There are those who would call for politics to have no place in gaming, but games can do so much more than simply entertain, and we've seen this for years. There is nothing pleasant about playing through the later stages of 2012's Spec Ops: The Line, for example, as paranoia and personal pain pervades and twists the typical trappings of the third-person shooter genre. Pregnancy is not marketed as "fun," something to pass the time with a smile, and it arrives with rape in the news for a number of reasons.
From Indian public transport to US college campuses and right here in Great Britain, rape is a shockingly common crime that requires combating wherever it happens, however possible. And video games offer a way to experience things that, if we encountered them for real, would leave us irreversibly scarred. One in six American women will experience rape in their lifetime, and more than 22,000 Brits were raped in a 12-month period from June 2013. Who knows: Games like Pregnancy might just help more women, more girls, come forward and report such attacks.
I'm repeatedly told TV isn't the most viable way for kids to get their fix of what's going on in the world—that interactive mediums are where they're turning. So video games should trade in themes that matter. They need to. If Pregnancy changes its player's perception of teenage pregnancy and their attitude to rape for the better, then it's succeeded. Likewise if it plays a part, however peripheral, to an accusation becoming a conviction. There is value in its content, and it warrants its place on Steam.
Inevitably, not everyone thinks so.
Comments on Steam run from advice about the game's value for money – it retails for under two dollars/pounds, but Steam user "Raylorne" suggests you spend that cash at Starbucks instead—to a series of comedy thumbs-up reviews recommending Pregnancy to fans of Call of Duty and rating it "5/5—would abort again." Classy (and it only gets worse on the game's Greenlight listing). Criticism on its quality of writing is fair enough, and a personal opinion that's as valid as any other. But it's on Kotaku's US site where a clutch of the net's finest fuckwits have come out to play.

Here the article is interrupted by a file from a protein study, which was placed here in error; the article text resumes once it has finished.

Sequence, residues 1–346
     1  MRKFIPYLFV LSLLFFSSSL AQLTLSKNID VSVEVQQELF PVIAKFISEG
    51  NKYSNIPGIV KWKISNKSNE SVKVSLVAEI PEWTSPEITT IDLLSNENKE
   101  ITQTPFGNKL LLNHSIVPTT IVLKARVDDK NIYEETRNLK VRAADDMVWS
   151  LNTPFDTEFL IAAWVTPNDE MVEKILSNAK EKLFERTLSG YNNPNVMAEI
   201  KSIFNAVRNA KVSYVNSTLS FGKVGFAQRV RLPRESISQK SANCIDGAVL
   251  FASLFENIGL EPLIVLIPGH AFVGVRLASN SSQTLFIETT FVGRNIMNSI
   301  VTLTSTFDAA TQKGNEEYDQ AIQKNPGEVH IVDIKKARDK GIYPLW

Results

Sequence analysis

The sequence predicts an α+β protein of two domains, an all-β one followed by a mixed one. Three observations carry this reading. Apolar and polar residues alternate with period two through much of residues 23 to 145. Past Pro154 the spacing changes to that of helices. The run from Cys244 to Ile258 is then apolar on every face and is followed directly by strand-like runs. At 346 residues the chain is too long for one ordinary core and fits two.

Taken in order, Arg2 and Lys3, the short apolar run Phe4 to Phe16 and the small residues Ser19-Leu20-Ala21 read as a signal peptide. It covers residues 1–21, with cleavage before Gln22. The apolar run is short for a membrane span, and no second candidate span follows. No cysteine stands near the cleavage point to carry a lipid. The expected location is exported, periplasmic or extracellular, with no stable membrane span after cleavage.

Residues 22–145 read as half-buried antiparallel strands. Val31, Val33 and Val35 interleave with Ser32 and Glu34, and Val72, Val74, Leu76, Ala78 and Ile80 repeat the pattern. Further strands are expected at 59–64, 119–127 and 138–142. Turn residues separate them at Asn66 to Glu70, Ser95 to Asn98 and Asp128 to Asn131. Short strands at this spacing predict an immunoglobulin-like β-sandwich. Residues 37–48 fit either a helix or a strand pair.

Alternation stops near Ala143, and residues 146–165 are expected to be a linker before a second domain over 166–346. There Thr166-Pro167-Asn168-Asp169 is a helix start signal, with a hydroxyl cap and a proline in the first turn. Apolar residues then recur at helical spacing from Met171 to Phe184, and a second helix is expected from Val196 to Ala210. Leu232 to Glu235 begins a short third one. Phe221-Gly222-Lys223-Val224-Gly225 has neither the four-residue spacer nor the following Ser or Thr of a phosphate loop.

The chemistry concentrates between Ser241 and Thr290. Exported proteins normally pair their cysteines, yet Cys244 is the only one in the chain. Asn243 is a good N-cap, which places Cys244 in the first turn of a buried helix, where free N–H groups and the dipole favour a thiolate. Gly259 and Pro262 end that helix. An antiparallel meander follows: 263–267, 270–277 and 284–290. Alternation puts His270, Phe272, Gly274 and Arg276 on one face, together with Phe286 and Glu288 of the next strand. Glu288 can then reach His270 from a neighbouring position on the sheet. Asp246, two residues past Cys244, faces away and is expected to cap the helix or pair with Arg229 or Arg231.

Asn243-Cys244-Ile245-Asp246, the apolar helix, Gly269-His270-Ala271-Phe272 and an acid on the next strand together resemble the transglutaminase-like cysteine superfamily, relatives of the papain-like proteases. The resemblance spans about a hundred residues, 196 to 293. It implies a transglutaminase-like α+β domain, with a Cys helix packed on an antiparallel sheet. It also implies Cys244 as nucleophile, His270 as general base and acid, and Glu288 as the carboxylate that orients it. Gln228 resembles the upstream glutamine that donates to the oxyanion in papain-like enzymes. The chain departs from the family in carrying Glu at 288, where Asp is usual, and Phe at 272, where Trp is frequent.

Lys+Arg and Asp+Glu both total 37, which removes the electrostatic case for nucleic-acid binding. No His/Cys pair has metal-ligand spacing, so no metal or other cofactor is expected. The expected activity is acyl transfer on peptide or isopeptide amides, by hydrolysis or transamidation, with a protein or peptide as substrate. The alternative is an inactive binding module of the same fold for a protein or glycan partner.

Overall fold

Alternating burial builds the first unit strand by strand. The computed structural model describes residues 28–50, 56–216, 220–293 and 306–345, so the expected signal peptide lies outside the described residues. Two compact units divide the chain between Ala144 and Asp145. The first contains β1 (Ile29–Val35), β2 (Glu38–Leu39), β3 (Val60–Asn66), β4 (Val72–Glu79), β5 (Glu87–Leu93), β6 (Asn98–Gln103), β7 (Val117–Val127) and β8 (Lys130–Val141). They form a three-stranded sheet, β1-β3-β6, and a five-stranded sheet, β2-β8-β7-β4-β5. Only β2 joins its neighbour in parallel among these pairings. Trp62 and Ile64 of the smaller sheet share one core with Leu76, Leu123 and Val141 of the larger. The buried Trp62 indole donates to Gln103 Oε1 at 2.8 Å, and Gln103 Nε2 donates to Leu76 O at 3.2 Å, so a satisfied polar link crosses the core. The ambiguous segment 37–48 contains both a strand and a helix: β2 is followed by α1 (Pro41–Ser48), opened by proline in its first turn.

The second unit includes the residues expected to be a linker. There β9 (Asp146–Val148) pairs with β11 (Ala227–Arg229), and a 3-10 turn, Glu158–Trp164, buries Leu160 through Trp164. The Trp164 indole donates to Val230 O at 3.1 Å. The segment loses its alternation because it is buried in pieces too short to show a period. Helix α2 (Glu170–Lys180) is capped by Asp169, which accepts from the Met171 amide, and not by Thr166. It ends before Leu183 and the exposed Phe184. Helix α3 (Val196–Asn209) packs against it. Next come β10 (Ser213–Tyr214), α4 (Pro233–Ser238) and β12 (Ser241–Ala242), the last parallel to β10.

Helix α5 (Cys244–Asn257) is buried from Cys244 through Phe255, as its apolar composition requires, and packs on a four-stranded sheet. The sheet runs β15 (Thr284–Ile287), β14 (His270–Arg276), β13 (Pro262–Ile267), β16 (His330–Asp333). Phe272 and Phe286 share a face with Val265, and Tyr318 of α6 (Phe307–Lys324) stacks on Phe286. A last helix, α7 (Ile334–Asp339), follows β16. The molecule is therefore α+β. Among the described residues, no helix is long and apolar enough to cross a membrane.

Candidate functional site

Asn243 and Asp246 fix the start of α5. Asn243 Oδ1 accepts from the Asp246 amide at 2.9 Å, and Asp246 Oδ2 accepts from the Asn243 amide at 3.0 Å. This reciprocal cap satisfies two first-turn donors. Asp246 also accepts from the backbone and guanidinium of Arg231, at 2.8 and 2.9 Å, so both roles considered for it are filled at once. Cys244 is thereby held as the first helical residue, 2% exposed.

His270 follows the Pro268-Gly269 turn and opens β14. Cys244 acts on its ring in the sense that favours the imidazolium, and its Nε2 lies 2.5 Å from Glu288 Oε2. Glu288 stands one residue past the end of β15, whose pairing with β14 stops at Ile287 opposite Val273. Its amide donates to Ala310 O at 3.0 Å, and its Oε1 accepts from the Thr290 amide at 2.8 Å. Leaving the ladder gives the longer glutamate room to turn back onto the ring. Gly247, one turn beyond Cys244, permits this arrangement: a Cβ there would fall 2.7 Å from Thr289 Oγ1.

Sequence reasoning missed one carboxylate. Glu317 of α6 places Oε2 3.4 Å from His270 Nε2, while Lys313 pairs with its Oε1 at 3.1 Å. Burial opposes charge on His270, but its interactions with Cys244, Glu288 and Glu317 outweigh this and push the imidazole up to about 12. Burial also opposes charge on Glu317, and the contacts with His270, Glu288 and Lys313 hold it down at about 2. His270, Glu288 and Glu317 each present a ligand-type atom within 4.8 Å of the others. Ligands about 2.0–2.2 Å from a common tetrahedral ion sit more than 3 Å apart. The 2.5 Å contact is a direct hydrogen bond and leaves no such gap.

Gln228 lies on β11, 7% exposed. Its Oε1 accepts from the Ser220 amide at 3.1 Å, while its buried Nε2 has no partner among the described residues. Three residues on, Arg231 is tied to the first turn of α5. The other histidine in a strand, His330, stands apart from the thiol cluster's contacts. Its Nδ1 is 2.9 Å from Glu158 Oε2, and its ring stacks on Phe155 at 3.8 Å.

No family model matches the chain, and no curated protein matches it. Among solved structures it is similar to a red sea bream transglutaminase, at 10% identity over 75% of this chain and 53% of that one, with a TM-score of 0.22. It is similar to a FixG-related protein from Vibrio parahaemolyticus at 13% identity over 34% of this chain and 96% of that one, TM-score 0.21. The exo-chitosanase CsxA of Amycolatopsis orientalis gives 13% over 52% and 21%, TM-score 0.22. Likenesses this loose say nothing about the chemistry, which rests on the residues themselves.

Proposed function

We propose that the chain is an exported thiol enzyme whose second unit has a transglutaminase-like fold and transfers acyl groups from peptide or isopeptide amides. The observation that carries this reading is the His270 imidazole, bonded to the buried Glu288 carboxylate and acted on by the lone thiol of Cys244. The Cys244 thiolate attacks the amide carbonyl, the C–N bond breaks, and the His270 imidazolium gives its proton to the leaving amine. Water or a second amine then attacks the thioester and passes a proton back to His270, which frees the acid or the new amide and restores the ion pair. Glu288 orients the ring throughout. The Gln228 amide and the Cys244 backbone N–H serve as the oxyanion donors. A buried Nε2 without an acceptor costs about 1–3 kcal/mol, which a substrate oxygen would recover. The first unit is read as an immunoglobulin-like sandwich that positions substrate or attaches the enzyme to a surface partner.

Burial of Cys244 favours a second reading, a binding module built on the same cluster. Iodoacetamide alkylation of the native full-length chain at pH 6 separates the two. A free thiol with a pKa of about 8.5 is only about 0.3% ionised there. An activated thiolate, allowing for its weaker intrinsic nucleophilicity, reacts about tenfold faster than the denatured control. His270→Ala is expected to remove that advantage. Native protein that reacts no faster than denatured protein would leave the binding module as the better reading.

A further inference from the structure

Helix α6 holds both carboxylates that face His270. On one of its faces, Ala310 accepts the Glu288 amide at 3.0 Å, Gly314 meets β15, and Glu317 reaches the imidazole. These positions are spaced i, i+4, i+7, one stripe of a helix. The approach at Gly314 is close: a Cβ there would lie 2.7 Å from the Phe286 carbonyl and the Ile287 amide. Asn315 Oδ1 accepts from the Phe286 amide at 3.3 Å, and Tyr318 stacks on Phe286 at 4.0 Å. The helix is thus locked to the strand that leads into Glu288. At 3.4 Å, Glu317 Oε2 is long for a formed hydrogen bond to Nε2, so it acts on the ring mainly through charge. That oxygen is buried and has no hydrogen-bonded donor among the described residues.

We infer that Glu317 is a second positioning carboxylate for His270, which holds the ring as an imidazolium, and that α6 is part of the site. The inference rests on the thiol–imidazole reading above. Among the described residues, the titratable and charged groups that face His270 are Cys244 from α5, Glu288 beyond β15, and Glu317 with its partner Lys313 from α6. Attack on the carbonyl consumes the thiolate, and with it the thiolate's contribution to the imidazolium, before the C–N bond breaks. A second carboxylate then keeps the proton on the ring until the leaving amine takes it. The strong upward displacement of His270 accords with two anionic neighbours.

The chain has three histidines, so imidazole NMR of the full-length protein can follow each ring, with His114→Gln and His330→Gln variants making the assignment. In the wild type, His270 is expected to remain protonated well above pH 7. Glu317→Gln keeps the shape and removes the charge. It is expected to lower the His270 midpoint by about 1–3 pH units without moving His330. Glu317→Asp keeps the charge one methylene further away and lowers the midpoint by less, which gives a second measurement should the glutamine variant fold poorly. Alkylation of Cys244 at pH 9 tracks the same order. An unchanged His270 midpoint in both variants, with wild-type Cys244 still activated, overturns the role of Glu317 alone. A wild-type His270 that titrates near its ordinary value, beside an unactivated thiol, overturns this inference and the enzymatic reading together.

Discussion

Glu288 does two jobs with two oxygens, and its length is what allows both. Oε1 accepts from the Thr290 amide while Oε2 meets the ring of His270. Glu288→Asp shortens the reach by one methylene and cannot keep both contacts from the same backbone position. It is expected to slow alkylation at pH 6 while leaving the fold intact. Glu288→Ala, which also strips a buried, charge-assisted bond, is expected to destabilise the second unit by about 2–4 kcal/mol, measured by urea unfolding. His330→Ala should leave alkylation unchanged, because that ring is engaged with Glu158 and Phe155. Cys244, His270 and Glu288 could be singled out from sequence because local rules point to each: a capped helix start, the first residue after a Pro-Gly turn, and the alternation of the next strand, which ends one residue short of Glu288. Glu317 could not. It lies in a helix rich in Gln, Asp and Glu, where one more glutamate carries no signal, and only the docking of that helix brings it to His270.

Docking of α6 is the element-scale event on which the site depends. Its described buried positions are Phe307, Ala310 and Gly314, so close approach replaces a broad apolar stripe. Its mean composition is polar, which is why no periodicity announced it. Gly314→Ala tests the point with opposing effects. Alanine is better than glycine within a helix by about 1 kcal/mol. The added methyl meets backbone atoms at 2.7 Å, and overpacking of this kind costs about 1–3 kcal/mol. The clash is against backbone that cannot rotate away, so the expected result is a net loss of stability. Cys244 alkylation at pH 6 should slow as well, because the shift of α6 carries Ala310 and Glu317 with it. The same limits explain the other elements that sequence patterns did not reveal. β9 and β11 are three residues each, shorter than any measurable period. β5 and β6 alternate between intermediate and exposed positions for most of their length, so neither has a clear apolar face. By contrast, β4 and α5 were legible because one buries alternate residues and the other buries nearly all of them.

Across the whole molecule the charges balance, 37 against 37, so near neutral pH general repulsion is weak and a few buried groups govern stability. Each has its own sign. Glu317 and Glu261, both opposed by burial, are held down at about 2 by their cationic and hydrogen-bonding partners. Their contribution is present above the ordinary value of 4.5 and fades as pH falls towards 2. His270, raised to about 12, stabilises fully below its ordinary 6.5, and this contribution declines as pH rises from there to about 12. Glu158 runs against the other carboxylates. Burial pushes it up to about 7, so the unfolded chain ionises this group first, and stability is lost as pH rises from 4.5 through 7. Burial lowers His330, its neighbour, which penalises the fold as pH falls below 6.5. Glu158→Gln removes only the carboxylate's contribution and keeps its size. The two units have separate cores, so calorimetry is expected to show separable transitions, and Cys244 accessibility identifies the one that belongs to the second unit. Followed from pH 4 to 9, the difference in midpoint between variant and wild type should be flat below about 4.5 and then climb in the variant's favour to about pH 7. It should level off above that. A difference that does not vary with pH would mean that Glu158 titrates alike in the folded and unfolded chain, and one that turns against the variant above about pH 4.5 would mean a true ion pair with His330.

"This is lame, disappointing, and totally not a game."
"This guy wants to make a quick buck off rape."
"Getting tired of these games that are more about force feeding you a message and less about fun."
"I see now everyone can call himself a developer if the bar is this low."
There's more on Kotaku's Facebook, where such gems as these have been posted for public consumption: "im sorry if im being mean but This is fuckin retarded;" "this is a cash grab for the shock value and will appeal to SJWs;" and "The people who buy this game will already be aware that rape is bad, and only buy it to jerk off about how they are holier than the rest of us." It's OK to criticize any game, even one with morally sound intentions—and Pregnancy sure isn't The Walking Dead. But these predictable, puerile responses are just depressing. Anyone who wants gaming to be appreciated as a medium for thought-provoking narratives and genuine cultural resonance will read such words and just sigh. In the words of one indie developer, Gamergate already pushed the reputation of gamers back a decade. We can do better than this.
And if you can't, and you seriously think that someone trying to raise awareness of rape is "retarded," it might just be you who's got the real problem.
Follow Mike Diver on Twitter.